When you’re a Cleveland Browns fan, you never take anything for granted. And you don’t take the nation’s insults personally, because the rest of the world doesn’t know what it’s like to walk in your Cleveland shoes. They don’t know what it is like to be you, to have the NFL odds stacked against you so often.
Mistake on the Lake? Shut up and shove off.
Believeland? I like that so much better. Always have.
In June 1944, the idea that eventually became the Cleveland Browns was hatched. World War II was turning a corner for the United States, Cleveland was one of those muscle-bound manufacturing monsters that helped in the war cause … and the city had a ton of pride. In the 1940s and 1950s? Nobody joked about Cleveland. The country needed Cleveland.
The Cuyahoga River was a healthy, critical artery of America. And about the same time? All of a sudden? The Cleveland Indians baseball club wasn’t the only big game in town. The first football team was fielded in 1946 and named after its first coach and general manager, Paul Brown.
The championships came quickly in the 1940s and 1950s, first as an AAFC club and later in the NFL when the Browns transitioned over. The Browns pummeled the competition. The success set a tone that was hard to live up to in later years. Jim Brown, a future NFL Hall of Famer and outspoken leader in the African-American community, was the first big star.
There have been many big moments in the history of the Cleveland Browns, and as they head into this weekend’s matchup with the AFC-leading Kansas City Chiefs, one the NFL betting lines have obviously taken note of, here’s a look at what some of those moments were/are:
Those Key Cleveland Moments
1948 — This was the year the Browns won the old AAFC Championship (yes, not the NFL) and the Cleveland Indians also won the World Series. It was a good year in Cleveland. And for the record? My grandparents — who were both born in Cleveland — married that year … in Cleveland. And true to Cleveland form? The extended family (and I) have been to many family weddings in that same church since then. That’s how Cleveland rolls if you know anything about it.
So maybe I’m a bit biased. The Browns outscored opponents 389-190 and beat teams like the Bills, the Colts and the 49ers on the way to a 15-0-0 season (including the AAFC championship win over the Bills).
1964 — Probably the greatest season for the club with the greatest Cleveland Brown of all-time, Jim Brown, leading the way. The team won the NFL championship (it’s last one), just a few years short of the Super Bowl cranking up.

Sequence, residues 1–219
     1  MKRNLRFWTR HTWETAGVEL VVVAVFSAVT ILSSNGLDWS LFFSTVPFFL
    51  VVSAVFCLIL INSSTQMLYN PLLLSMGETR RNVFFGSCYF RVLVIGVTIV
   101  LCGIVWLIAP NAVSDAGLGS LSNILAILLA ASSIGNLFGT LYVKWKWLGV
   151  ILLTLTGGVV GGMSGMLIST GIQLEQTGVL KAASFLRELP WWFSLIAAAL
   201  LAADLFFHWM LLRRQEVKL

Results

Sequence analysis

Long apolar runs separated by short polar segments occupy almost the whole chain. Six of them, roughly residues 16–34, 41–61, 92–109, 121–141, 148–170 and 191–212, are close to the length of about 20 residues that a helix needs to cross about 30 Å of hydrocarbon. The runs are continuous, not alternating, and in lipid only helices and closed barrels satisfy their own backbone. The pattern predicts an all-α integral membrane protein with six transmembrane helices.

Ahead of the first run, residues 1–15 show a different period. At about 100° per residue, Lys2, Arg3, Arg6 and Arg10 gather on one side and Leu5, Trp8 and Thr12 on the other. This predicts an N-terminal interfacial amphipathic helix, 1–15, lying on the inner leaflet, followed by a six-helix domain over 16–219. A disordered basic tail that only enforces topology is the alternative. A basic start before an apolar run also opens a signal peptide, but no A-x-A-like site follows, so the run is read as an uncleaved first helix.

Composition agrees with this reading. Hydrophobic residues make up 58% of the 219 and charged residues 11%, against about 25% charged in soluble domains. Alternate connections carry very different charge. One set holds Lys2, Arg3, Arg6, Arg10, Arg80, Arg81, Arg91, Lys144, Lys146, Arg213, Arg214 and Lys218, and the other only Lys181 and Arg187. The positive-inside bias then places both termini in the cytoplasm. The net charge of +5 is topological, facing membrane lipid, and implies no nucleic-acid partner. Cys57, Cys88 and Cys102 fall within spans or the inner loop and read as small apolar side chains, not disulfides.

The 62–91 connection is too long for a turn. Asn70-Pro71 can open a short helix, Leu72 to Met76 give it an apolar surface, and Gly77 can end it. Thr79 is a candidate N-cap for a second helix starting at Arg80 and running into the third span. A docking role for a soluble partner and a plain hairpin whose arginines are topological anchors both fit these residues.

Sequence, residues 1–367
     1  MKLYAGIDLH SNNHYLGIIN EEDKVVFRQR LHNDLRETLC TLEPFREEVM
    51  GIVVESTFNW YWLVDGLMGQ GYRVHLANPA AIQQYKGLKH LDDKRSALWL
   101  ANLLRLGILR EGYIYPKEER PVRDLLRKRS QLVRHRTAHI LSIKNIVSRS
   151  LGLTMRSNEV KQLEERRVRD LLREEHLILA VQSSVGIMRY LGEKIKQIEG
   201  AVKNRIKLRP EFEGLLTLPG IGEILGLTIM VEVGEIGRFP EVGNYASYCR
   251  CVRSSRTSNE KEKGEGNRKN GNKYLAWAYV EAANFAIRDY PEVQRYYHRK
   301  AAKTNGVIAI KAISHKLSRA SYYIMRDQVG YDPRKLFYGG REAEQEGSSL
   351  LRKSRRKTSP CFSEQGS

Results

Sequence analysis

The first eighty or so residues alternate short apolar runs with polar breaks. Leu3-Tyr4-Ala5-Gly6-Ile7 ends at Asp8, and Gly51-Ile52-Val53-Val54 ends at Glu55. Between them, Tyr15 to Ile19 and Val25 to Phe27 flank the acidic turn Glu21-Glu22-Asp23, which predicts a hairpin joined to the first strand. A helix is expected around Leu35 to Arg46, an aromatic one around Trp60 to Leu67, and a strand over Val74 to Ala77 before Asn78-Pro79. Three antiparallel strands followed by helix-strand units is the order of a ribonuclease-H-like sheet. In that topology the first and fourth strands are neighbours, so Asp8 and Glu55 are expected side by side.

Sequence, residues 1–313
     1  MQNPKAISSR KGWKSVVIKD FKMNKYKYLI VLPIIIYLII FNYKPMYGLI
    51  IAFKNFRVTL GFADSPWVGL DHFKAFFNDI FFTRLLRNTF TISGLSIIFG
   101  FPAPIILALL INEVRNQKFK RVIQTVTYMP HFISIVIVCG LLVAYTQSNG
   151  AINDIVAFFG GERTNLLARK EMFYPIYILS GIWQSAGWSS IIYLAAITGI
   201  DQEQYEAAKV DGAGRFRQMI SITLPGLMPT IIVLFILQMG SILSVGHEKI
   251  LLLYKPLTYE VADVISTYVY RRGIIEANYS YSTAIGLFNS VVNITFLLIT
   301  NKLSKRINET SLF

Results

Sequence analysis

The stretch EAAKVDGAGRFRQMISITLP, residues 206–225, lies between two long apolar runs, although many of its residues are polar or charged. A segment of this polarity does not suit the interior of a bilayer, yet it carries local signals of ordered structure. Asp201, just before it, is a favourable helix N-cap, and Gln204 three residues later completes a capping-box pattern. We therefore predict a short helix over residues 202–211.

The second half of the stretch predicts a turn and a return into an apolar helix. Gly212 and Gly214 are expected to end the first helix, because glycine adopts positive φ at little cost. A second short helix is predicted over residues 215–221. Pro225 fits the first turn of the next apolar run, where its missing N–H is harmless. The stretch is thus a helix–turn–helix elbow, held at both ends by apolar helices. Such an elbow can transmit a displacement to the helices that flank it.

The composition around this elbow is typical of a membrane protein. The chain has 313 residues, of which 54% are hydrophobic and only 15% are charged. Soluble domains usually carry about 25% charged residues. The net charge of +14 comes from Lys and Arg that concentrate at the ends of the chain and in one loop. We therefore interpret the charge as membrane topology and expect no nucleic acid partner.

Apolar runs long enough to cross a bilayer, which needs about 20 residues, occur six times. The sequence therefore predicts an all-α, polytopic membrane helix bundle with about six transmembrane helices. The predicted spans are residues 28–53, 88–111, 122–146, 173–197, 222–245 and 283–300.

The team went 10-3-1 in the regular season, scoring 29.6 points per game. On Dec. 27, the Browns beat the Colts for the NFL Championship, shutting them out 27-0 for the team’s 11th and final win of the year.
1986 — Don’t give me all that cynical “The Drive” crap. The 1986 Browns were damned good, won 12 regular-season games (their best in their NFL history), won their division, and made the town proud.
Yes, John Elway was John Elway on “The Drive”, but the Browns weren’t the only ones to deal with that during Elway’s career, we just didn’t know that at the time (I was 11 years old and watched every minute). Five key regulation wins came that year by three points, with another three via overtime. This team was full of winners, and even the NFL betting lines liked this team.
1994 — Don’t ever forget that the Cleveland Browns were smart enough to hire Bill Belichick first (sorry Bob Kraft). He didn’t have tons of success in Cleveland, but Belichick did lead the team to the playoffs in 1994 and it went 11-5 in the regular season.
The Browns led the league in scoring defense (12.8 per game, tops among 28 teams) … and they beat (cough cough) the New England Patriots in the AFC Wild Card round. It ended though when they had to go to Pittsburgh to face the Steelers for the third time during the 1994 season. Out of five regular-season losses and one postseason loss, the dreaded rival Steelers were responsible for three.
1999 — After Art Modell moved the team to Baltimore to become the Ravens — leaving the city of Cleveland without a team in 1996, 1997 and 1998 — the franchise was reborn. And yes, when it restarted? It got kicked in the teeth — 14 times, to be exact.
But on Halloween night, 1999, the new franchise won its first game in four years when it beat the New Orleans Saints. Without this team? Baker Mayfield and today’s Browns wouldn’t be lucky enough to be building possibly the next great Browns era.
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Brian McLaughlin is a writer for BetMGM and co-host of BMac and Herd’s FCS Podcast. He has written for The Sporting News, headed up the PARADE Magazine High School All American teams, covered the FCS for HERO Sports, and wrote for so many newspapers he lost count. Follow BMac on Twitter @BrianMacWriter.